The Natural appealed to that specific creepy white liberal fixation with baseball as nostalgic pastime. It conjurs a pastoral setting that never existed, but which functions in White mythology as if it did (this season 30% of MLB players are foreign born, the majority from the Dominican Republic and Venezuela). There is in Redford such a reflex sentimentality, such a turgid sensibility, that anything he touches becomes a flaccid valentine to the good intentions and abilities of rich white people.
Bagger Vance is just another “magical negro” product, starring that most white of black actors, Will Smith.
I should add, as a footnote, Lions to Lambs, made in 2007, because while its a coda project in Redford’s long tedious career, it is also, possibly, the most representative film for the Democratic Party interventionist belief system. This is the ‘liberal who loves war’ syndrome (and as an added treat you get to see Redford trying to act all ‘professor’ey.).
The point here is that as the liberal reformer hero gradually gave way in the face of Reaganomics and the various hedge fund schemes, as wealth became more polarized, and as the economy, such as it was, became ever more pegged to the Pentagon and base building and the defense industry, the white liberal hero felt (more) tumescent. It might be interesting to track the rise of MMA contests and its inter-relationship with DC and Marvell comics franchises. Hyper violent unmediated blood sport, and the new barely mediated vigilante fascism. In fact, it’s interesting to clock the entire recent Batman franchise.
The Tim Burton Batman film, with Michael Keaton came out in 1989, the follow up a couple years later. Following on this came installments by Joel Schumacher, and eventually Chris Nolan. The Burton films, however, marked the liberal sensibility’s entree into the hyper-reactionary world of Bruce Wayne, billionaire vigilante. Burton, himself a sort of irony laden art school hipster, found a seamless meeting of liberal style and fascist content. In fact, I suppose the liberal codes were barely there, even in that original Keaton version. Still, they retained a sense of humor, and seemed pitched clearly at a youth market. Schumacher, another Hollywood liberal, followed the same formula, basically, with less energy, and then with Nolan, something shifted, as if the studio understood an era of Redford soft paternalism was over. Nolan was the new cruise missile left, a Clinton era filmmaker now expressing the Bush era War on Terror moral vacuity. Nolan’s Batman was more jingoistic, more racist, and more militarist. Each subsequent installment of the series felt more sadistic, and more nihilistic. But its nihilism was the negation of life, not an expression of anguish. It WAS nihilistic. They were also humorless, and they seemed to target an adult demographic (well, as if this culture has any adults left in it). They were portentious self important fascist storytelling made by a self important director (son of an ad copy writer for a marketing firm…same as Guy Ritchie, interestingly) with grand Wellesian delusions.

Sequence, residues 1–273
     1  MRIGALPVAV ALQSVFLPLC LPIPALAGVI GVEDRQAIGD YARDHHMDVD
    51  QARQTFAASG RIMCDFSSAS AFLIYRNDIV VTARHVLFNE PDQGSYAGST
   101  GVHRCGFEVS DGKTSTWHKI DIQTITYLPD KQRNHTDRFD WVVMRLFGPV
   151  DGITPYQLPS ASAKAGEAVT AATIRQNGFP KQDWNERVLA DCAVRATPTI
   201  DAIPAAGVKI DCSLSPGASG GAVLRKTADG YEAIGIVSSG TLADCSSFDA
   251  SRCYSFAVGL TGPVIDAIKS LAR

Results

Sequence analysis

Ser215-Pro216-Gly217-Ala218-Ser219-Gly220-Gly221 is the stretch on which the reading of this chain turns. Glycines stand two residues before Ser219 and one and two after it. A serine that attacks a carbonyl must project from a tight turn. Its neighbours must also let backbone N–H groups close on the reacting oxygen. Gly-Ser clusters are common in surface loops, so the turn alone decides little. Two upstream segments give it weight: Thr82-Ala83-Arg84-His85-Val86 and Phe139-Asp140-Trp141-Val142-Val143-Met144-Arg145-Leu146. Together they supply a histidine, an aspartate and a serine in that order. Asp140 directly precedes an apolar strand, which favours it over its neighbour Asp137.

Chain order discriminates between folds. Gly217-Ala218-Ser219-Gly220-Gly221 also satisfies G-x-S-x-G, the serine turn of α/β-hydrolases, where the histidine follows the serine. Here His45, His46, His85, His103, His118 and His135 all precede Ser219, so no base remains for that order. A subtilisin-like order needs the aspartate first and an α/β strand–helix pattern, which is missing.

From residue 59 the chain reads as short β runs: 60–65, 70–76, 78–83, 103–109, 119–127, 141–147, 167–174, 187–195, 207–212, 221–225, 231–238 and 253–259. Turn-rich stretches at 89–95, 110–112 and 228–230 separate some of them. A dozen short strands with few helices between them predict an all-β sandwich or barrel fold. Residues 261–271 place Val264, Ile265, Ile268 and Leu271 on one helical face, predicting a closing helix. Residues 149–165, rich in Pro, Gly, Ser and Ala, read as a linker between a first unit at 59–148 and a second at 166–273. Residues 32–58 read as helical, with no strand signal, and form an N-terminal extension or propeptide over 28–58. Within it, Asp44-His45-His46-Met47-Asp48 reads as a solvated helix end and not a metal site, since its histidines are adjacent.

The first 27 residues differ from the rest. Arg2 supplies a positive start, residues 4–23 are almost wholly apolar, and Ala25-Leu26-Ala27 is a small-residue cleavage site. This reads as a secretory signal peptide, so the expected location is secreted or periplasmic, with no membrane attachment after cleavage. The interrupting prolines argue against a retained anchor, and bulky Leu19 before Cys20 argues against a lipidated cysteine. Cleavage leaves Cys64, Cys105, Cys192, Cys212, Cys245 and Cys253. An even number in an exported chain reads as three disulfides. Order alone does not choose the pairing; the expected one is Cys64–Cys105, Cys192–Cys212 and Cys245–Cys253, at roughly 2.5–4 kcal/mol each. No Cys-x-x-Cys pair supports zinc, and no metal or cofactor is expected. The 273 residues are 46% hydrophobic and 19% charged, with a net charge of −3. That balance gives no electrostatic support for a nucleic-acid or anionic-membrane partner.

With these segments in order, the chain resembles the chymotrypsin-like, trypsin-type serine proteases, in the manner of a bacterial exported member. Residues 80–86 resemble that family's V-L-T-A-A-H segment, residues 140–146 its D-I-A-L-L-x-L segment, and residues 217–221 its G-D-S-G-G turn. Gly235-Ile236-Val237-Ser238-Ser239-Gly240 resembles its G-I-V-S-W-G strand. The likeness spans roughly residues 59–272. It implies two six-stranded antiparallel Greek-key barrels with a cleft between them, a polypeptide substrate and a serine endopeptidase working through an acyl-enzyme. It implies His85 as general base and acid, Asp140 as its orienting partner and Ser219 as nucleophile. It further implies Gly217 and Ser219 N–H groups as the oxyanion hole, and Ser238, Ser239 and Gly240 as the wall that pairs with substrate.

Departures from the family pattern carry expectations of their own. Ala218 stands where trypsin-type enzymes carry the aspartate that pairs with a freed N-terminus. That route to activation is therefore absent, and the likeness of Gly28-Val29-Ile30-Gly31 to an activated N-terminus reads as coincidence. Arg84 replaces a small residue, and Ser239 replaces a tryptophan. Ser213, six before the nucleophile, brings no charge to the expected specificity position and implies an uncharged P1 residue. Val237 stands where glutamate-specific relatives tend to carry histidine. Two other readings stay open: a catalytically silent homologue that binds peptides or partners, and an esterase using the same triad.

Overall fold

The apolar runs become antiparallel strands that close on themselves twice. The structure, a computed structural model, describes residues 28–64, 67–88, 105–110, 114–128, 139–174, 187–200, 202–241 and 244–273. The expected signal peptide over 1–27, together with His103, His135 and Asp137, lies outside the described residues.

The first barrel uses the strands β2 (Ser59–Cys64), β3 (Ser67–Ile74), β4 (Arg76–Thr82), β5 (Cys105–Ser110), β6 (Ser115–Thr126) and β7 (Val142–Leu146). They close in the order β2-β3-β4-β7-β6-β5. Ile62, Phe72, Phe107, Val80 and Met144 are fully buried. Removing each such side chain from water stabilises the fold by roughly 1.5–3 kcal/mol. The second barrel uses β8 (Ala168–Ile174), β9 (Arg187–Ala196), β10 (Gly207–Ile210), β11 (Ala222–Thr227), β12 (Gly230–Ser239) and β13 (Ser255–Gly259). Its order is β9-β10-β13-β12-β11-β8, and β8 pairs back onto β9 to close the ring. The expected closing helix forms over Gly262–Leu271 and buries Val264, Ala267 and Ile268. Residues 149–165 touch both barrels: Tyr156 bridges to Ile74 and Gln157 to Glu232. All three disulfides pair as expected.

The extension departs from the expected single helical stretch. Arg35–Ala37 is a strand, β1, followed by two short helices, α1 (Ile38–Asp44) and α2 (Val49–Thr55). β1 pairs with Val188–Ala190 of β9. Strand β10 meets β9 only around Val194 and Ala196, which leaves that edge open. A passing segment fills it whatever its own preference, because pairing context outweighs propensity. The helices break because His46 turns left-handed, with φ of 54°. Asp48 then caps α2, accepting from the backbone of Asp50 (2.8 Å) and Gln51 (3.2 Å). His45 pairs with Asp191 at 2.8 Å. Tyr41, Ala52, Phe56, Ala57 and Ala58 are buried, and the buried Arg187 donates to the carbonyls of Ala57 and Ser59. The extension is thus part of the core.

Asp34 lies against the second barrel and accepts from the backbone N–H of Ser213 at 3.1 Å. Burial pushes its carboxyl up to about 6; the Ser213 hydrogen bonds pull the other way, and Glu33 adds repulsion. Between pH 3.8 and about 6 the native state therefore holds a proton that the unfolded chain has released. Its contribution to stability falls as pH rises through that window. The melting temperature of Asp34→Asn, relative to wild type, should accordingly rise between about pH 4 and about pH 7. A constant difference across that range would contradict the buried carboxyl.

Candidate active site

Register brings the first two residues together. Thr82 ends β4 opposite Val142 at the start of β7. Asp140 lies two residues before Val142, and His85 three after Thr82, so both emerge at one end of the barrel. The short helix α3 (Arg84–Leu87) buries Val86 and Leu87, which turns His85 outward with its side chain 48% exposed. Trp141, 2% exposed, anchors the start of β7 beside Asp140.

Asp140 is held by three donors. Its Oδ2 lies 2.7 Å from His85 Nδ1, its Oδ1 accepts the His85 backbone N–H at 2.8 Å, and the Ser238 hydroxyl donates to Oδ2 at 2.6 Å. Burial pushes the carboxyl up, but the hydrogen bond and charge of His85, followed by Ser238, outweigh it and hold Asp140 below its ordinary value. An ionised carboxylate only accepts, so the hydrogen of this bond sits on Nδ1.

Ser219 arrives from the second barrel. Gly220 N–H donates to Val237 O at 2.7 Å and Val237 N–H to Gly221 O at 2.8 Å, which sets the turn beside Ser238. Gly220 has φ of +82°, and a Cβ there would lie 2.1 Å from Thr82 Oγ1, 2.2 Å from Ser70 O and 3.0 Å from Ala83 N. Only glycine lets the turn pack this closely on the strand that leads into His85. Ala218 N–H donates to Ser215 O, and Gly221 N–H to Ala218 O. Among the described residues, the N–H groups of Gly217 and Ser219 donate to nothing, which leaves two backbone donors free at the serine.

At the same time as the Burton Batman, the first MMA contests were being staged and getting cable deals — the era of the Gracie family momentary monopoly. Previously, violence in sport had had to mediated, even if barely, as in boxing. The full on embrace of pure punishment coincided, I think, with liberalism’s strategy of layering its apologia for violence with a recipe of ironic codes. If art school far-out-ness, complete with funny eye glass frames, could create openly fascist entertainments, then why not relax all the nozzle settings for sublimation. David Lynch (who in his spare time owns and runs very profitable business schools in Europe) was the exemplar of the faux liberal, serving undergraduate taste perfectly. I will say,Mulholland Drive did contain enough of anti-Hollywood feeling to rise to the level of genuine auteur work. Lynch was never about much to begin with, from Eraserhead to Blue Velvet, this was the work of a middle brow conformist who gave educated liberal college kids a safe sort of protest to their parents digging on Brubaker.